I'm determined to give it a shot because I am even more interested in what happens after the #summerofneighbors. Aren't you?


Wednesday, June 12, 2013

Hashtag ColumbiaMD

Seen on Twitter...

According to the following tweets, the Harpers Choice Tuesday Morning store is closing. As of this post, it may already have closed. Have you ever been there?  We used to love noodling around there before a trip to Maiwand or Rita's. When Margo was little, it was a great source for an inexpensive toy or a stuffed animal.

@ingloriousBOH: Per Tuesday Morning employees, @Kimcorealty's longstanding neglect of maintenance issues is why they...are closing. #ColumbiaMD

@ingloriousBOH: Easy to believe, if you've been to @KimcoRealty's #HarpersChoice Village Center. The store has buckets all over the store to catch leaks.

@ingloriousBOH: Maybe that's why stores and restaurants rarely rarely start up in west #ColumbiaMD: @KimcoRealty owns WL/HC/HR, & runs them like slum lords.

I don't know much about Kimco. But I do know that the Harpers Choice Tuesday Morning has been plagued by leaks as long as I have been going there. It's absolutely true about the buckets.  It always struck me as odd that a store in a Columbia Village Center would be in such bad shape.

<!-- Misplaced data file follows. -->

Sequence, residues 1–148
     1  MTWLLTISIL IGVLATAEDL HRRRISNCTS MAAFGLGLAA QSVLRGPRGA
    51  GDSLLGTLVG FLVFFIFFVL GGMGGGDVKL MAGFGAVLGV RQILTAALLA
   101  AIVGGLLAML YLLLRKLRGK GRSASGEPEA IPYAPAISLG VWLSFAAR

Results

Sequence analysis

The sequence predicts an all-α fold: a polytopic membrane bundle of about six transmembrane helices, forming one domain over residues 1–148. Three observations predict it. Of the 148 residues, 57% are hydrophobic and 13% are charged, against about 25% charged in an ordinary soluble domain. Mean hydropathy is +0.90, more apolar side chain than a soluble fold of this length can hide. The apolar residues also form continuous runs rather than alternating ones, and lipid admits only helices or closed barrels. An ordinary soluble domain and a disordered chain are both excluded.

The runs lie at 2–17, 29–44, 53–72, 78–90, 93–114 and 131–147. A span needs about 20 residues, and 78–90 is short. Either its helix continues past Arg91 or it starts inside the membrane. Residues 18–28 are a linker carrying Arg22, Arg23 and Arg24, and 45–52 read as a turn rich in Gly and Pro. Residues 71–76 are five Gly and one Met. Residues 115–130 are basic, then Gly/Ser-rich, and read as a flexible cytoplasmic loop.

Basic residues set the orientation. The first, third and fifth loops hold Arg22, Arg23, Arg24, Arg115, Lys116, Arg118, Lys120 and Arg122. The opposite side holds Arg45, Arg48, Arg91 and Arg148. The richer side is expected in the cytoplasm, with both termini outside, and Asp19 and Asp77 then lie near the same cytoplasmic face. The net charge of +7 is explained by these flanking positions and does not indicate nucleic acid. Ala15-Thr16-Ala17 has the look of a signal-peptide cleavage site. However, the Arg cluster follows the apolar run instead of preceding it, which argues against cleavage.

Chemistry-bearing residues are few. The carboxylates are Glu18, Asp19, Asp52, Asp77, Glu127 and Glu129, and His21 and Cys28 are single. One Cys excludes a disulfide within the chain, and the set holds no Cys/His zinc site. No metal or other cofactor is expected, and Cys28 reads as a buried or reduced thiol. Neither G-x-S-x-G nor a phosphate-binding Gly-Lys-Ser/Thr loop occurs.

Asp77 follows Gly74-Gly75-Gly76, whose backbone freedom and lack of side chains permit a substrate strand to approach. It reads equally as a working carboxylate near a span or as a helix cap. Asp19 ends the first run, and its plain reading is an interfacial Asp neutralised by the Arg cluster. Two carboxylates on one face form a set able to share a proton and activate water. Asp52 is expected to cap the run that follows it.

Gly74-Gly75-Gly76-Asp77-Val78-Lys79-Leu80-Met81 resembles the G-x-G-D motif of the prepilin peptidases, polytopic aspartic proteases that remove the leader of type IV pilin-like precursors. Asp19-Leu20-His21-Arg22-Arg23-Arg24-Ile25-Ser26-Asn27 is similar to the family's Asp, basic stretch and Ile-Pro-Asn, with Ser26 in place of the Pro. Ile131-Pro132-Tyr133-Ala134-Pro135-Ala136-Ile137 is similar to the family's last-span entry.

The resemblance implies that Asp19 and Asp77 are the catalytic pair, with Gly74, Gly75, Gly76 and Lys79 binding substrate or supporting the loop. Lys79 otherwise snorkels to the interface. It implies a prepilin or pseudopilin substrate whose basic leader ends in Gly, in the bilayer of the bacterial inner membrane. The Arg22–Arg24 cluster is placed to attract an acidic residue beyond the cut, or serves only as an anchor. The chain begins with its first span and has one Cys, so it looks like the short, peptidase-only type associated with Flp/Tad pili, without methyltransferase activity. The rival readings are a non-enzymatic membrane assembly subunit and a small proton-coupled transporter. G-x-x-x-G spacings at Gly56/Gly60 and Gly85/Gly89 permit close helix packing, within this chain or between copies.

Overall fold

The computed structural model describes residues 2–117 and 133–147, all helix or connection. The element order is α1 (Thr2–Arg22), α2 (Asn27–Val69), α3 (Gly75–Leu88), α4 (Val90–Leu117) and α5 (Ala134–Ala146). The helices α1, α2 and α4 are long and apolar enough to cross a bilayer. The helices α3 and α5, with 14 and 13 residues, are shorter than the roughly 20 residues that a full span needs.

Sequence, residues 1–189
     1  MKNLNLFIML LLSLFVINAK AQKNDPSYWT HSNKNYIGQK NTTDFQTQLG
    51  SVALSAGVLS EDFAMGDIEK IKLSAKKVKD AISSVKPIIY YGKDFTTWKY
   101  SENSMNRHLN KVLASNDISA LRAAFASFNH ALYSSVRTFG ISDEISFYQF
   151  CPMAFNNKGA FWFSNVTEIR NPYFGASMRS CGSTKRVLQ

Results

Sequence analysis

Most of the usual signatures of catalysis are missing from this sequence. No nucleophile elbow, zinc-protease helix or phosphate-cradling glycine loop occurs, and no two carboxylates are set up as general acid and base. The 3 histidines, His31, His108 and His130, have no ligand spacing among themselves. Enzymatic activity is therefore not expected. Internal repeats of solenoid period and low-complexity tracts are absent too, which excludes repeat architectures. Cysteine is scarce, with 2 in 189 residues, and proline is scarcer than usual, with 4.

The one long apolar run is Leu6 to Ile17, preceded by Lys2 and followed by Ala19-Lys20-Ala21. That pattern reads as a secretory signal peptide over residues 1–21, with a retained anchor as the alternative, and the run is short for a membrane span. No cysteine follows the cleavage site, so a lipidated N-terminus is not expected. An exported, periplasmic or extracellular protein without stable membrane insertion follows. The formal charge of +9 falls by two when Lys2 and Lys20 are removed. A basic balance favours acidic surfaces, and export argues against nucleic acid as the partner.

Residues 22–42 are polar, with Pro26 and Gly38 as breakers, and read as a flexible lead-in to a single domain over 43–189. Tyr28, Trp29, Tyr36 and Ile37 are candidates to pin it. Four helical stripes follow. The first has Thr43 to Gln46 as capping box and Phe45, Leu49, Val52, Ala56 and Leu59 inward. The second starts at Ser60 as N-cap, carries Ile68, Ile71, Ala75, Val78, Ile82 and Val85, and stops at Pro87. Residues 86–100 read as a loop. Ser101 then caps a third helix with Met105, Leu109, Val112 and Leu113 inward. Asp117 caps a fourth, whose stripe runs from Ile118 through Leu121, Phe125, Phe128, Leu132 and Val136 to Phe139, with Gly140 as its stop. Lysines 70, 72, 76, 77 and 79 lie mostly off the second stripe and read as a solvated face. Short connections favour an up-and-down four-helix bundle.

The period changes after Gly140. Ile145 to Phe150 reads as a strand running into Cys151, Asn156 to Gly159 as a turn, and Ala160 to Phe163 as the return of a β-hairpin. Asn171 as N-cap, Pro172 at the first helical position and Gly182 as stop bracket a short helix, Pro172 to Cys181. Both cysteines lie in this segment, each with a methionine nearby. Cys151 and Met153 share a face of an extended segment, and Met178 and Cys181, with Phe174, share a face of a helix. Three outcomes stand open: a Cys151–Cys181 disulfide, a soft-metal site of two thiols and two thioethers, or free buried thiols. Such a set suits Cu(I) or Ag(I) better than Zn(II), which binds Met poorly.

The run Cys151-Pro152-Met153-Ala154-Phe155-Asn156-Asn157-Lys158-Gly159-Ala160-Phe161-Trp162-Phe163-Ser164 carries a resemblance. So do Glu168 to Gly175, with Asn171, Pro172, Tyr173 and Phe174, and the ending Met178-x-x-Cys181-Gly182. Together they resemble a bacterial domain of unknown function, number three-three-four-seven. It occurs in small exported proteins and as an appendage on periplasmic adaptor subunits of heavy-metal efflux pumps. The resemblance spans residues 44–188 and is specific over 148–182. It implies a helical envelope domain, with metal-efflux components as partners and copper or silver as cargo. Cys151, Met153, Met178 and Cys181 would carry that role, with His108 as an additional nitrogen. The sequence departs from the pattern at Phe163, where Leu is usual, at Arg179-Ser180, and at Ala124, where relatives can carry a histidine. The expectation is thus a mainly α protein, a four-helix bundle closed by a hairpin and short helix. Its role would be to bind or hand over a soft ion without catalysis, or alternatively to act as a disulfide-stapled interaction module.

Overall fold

I'm not an investigative reporter; I'm a curious community blogger. I know there must be more to this story. But I do think it is too bad that the store is closing, because it was a refreshing change from the usual village center fare. Bargain hunters will move on to similar stores in strip malls like Ollie's, Big Lots, Tuesday Morning...a loss for the Village Center model, indeed.


Tuesday, June 11, 2013

See You at the Movies

Yesterday my daughter watched five movies at school. Five.  She is a GT student in the sixth grade in Howard County. Four of the movies were educational, and they were required to do worksheets while watching them. The fifth was Chicken Run, which was shown at lunch.

I have read various complaints online about how the end of the year at school amounts to "babysitting."  I have thought a lot about this. As a teacher and a parent, I wonder how it has come to be like this.